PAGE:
Many are once or twice a year customers: they aren’t giving us lots of money but they also don’t need very much from us either.

We have some that are our power users. We are on retainer, make thousands a year from them, and are in regular contact.

Then there are people in between.

Whether you provide services like us or sell products, I bet you have customers at base, mid, and high levels of offerings.

People who move between levels, and  new customers come in as well to balance those who to elsewhere, go out of business, etc. (If you don’t have multiple levels of products, you may want to rethink that!)

Your business can’t survive on one client (well, it can but then you are kind of their employee then, aren’t you?). But you also don’t also need to kill yourself trying to serve thousands of people either since you are meeting different customers’ needs differently.

You’ll have repeat customers if you know what you’re doing.

The hardest sale is the first sale. Once people are used to working with you, however, that second (or third or twentieth) sale is not only easier but more fun.

If you have a good product with good service, you’ll have repeat customers in some capacity, whether they always stay in your hotel when they come to town or buy cheese from your shop every year for their holiday party.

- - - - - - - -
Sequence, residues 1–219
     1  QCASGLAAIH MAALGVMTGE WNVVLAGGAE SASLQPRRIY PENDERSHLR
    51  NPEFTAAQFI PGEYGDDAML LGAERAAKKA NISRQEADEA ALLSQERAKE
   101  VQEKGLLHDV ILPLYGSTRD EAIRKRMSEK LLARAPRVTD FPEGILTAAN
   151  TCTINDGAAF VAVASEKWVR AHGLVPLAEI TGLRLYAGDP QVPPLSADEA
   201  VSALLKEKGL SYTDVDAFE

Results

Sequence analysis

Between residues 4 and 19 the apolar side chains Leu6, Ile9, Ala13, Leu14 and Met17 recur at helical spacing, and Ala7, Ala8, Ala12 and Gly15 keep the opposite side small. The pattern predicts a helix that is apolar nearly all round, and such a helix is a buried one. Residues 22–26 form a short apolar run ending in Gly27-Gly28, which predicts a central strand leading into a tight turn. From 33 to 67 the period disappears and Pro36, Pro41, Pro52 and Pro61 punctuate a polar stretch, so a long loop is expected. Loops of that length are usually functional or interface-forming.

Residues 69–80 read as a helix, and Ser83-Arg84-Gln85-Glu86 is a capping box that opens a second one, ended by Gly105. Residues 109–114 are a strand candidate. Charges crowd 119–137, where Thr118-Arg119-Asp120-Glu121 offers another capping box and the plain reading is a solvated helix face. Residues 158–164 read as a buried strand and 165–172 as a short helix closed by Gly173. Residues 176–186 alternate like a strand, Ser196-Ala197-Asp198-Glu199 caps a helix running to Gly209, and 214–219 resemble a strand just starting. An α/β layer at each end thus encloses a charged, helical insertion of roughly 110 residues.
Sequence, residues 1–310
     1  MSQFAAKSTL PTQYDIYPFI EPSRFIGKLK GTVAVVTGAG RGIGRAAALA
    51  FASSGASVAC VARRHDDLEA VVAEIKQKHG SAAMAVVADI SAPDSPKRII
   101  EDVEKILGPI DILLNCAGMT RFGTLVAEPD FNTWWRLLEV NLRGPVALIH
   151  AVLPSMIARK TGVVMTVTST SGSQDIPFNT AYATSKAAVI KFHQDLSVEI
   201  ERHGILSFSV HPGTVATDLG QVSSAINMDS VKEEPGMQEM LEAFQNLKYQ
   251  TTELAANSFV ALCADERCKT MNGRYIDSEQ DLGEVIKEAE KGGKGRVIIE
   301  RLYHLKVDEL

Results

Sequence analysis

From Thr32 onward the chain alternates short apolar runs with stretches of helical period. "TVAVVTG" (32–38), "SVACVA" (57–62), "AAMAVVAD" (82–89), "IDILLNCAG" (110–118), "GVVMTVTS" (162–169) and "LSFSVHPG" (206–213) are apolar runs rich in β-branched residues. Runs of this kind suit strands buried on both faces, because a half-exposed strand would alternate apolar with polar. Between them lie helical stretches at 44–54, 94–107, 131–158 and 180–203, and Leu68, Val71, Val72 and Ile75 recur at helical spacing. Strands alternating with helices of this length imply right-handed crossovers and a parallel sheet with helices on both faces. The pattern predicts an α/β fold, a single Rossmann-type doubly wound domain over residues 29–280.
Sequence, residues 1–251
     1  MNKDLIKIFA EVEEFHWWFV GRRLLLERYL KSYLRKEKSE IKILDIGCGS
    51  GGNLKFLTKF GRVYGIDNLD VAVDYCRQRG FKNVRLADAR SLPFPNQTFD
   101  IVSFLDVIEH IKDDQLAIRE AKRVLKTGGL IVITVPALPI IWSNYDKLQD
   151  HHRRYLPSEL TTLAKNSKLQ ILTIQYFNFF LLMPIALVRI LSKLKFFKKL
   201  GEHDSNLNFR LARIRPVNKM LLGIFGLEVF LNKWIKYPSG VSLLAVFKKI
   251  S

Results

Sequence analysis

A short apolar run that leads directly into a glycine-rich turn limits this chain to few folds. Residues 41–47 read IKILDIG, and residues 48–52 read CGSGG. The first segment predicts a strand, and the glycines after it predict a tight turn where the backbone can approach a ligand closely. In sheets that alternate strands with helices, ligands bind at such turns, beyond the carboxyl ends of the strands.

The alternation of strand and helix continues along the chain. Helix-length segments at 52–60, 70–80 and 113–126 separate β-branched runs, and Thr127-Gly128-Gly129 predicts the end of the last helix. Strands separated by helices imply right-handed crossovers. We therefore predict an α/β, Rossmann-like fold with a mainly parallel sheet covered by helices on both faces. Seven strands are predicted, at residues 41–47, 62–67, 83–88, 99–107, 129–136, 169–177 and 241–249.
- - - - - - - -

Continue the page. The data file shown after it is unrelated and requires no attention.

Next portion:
Your customers have friends and family.

There will be people in your business life who inexplicably love you. There are people I have met in my travels and I have no idea why they like me so much… but they do. And they tell other people.

Every time a loyal customer sends someone your way who buys, that’s another sale you didn’t have to bust your hump for. In the biz, people call these ‘brand mavens’ (and there is a few other words for them) but they are your vocal minority spreading the love. And if you have just a few of these in the mix, they do wonders.

Between these three principles, it seems like most people need to stop worrying about getting millions to like them and work on getting 300 people to love them.

Because 300 people, and the fact that their your people, makes a big difference. And it’s not just me who’s noticed:

(Fun Fact: Kassie watches this before running marathons. I had to ask her what the movie was about.)

Tech Thursday: Sharing an Event Online

20 November

Every now and then, your business might host an event, or maybe participate in a larger event (i.e. Small Business Saturday). There are (at least) three things you should remember when you’re promoting an event using the internet, and that’s what this Tech Thursday is all about!

First, you should build excitement around the event. Give people some time to mentally prepare, and make it fun, exciting, and appealing to a crowd. The 100 Startup website has some great resources (that we reference in the video) for launching an event.